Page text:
High technology greenhouses across Connecticut provide cover for many types of plants. Bedding plants, edibles (vegetable and herb transplants, greenhouse vegetables grown for production), ornamental herbaceous perennials, hemp and poinsettias all grow in greenhouses.
UConn Extension supports the Connecticut greenhouse industry with information and educational programming on sustainable production methods. In Connecticut, the greenhouse industry is a significant part of agriculture. Greenhouse and nursery products are Connecticut’s leading source of agricultural income.
Approximately 300 commercial greenhouse businesses have eight million square feet of production space under cover. In addition, many Connecticut farmers have added greenhouse crops to their businesses to increase income.
UConn Extension offered 111 training sessions to Connecticut wholesale and retail greenhouses with 1,566,088 square feet of intensive greenhouse production and 1,021,000 square feet of outdoor container production in 2019. Diagnostic trouble shooting, grower visits, phone calls, emails and text messages helped growers not participating in the intensive program offered by our UConn Integrated Pest Management (IPM) educators.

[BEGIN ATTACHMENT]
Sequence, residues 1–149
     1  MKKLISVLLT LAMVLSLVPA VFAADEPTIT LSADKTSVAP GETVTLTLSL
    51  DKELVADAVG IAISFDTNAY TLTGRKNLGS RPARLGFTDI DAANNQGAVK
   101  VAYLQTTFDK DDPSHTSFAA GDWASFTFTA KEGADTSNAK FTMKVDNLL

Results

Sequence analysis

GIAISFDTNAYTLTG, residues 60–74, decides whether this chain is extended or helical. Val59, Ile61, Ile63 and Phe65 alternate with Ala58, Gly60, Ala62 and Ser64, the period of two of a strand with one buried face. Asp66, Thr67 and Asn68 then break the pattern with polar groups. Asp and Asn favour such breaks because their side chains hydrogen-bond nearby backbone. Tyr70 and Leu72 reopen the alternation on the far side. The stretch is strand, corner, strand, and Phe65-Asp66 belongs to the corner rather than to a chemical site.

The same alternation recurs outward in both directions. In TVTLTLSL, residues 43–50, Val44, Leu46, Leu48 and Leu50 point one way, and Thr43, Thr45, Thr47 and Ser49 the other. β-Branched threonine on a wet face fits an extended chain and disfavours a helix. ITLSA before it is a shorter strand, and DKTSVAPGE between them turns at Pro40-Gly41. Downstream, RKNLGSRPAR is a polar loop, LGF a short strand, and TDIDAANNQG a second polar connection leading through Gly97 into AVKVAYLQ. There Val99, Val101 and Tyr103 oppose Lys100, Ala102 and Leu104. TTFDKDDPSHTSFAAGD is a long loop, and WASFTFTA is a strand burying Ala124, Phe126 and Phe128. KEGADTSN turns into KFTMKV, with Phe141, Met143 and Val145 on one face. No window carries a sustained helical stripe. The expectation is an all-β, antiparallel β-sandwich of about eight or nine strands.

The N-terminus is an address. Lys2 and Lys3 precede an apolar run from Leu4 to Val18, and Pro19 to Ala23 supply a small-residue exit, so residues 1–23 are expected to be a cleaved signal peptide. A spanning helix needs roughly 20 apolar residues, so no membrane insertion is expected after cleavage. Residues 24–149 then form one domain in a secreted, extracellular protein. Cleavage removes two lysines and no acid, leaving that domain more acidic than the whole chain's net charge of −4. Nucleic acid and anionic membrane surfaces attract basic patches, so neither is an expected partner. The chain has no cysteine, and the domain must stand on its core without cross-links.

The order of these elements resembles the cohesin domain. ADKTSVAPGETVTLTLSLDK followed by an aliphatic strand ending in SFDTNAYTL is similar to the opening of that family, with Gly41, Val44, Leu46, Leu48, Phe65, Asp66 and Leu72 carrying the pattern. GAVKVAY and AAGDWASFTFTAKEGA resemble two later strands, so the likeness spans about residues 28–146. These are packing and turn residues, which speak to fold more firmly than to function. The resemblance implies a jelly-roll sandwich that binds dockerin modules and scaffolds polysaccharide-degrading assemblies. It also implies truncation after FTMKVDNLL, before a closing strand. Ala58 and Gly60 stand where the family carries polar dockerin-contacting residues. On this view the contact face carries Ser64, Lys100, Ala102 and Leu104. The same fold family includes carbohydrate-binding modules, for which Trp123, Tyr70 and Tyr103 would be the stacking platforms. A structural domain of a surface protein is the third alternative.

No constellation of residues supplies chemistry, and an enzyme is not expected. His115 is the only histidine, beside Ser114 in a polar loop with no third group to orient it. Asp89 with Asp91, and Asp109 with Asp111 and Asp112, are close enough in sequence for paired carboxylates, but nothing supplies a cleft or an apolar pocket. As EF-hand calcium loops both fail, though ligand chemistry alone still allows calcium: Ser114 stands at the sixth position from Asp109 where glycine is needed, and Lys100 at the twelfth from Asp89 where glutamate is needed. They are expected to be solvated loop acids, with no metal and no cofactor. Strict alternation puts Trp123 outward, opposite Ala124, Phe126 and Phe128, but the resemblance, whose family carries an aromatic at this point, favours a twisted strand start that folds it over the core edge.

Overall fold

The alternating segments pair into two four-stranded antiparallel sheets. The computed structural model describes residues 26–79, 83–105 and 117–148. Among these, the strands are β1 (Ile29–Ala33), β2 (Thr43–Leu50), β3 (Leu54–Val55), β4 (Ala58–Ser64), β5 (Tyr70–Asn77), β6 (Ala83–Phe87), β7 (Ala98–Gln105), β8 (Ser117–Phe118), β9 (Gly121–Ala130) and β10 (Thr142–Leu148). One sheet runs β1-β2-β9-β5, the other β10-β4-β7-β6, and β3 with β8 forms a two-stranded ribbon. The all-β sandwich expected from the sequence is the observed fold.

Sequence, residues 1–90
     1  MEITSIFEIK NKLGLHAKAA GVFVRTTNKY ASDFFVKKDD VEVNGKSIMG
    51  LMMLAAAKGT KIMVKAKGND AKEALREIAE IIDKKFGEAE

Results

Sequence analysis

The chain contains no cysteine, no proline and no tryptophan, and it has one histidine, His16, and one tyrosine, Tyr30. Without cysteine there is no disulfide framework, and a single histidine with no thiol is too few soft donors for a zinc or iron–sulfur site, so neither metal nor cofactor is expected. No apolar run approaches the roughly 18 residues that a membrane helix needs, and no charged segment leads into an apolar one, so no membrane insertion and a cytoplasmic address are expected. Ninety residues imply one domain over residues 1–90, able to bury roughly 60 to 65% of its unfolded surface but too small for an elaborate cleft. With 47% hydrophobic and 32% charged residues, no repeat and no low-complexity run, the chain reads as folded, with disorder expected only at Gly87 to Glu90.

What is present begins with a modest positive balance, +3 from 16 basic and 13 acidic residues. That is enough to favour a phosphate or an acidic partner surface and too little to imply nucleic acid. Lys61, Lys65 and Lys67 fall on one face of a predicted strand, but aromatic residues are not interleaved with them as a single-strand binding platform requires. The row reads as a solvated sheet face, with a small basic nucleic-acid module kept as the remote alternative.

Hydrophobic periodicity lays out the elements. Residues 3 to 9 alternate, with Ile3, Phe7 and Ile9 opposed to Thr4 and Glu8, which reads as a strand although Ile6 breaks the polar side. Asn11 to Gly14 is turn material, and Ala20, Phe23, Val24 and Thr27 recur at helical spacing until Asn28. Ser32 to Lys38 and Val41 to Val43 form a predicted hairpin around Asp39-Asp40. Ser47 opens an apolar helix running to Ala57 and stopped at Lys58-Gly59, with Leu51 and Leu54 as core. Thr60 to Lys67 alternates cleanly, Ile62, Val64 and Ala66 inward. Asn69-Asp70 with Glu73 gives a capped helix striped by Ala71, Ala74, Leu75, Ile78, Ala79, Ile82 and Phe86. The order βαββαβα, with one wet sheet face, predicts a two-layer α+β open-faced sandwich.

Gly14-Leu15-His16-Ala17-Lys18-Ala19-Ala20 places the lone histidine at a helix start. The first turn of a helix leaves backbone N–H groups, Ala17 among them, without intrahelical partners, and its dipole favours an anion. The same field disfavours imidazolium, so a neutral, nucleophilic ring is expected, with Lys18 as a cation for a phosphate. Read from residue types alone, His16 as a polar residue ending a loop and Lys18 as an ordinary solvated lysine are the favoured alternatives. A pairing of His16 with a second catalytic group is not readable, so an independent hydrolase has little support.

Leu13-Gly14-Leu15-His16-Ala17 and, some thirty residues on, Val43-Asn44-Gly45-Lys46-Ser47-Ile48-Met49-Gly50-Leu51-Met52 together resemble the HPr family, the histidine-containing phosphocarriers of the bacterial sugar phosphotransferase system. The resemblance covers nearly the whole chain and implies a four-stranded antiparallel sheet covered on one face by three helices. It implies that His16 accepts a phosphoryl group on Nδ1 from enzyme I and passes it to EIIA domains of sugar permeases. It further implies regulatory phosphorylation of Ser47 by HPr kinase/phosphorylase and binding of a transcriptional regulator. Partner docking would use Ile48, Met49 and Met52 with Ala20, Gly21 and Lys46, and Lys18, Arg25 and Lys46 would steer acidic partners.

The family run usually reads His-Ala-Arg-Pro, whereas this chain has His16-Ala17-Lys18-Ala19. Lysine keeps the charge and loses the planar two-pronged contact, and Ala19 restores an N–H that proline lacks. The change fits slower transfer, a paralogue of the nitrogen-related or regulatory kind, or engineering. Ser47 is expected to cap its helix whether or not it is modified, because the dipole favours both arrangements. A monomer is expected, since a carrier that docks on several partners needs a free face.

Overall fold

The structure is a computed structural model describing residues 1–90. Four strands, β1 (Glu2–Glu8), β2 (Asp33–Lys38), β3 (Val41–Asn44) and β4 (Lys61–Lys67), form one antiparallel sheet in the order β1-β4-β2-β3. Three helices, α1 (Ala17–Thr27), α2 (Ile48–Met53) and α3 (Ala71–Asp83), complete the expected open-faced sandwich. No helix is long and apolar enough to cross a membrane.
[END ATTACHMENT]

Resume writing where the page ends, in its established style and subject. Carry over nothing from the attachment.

One grower stated, “I would like thank you for all the guidance and information that you provided the interns and me this year. I always receive a new piece of information that helps me keep the crops on track for that excellent product.”
Greenhouse production continues to be one of the largest segments of Connecticut agriculture, and the success of the industry helps build the infrastructure that other operations depend on.
Is it time to get outside and work on your garden? Or are you looking for the perfect gift for mom this weekend? There are garden centers with curbside pickup and online ordering available throughout the state.
And, don’t be alarmed if you see a small envelope in your plant. These small paper “envelopes” are slow release “mini-sachets” that are a breeding system or “nursery” for beneficial predatory mites that emerge from the sachets over a 4 to 6-week period.
The beneficial predatory mites attack a very small insect, thrips, may distort and damage flowers. Thrips are primarily a greenhouse pest and are not a pest in your home garden. To provide you with attractive flowers, growers place these mini sachets in your baskets to prevent any damage to the flowers.
These nursery sachets consist of bran and food storage mites (that feed upon the bran) that are a food source for the small predatory mite Neoseilus (Amblyseius) cucumeris commonly referred to as “cucumeris”.Cucumeris is a small, tan predatory mite (less than 1 mm. long) that attacks thrips larvae found on the leaves and in the flowers. They pierce the thrips and suck them dry, killing them. These predatory mites do not travel far and cannot fly, so growers place a mini-sachet in each hanging basket.
The moral of the story – leave the envelope in your hanging basket, and enjoy the flowers!
UConn Extension is sponsoring a Greenhouse Biological Control Conference. This one-day educational program will be held onWednesday, June 20, 2018 at Room 100, WB Young Building, University of Connecticut in Storrs, CT.